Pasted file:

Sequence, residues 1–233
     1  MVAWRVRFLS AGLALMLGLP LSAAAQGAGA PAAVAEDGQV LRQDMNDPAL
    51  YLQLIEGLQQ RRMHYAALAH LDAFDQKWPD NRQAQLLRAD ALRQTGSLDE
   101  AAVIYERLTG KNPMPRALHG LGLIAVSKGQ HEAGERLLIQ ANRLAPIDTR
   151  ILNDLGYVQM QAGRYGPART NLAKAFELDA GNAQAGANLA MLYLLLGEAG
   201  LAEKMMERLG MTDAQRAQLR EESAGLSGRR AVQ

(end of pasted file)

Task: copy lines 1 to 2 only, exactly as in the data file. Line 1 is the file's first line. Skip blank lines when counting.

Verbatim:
Sequence, residues 1–233
     1  MVAWRVRFLS AGLALMLGLP LSAAAQGAGA PAAVAEDGQV LRQDMNDPAL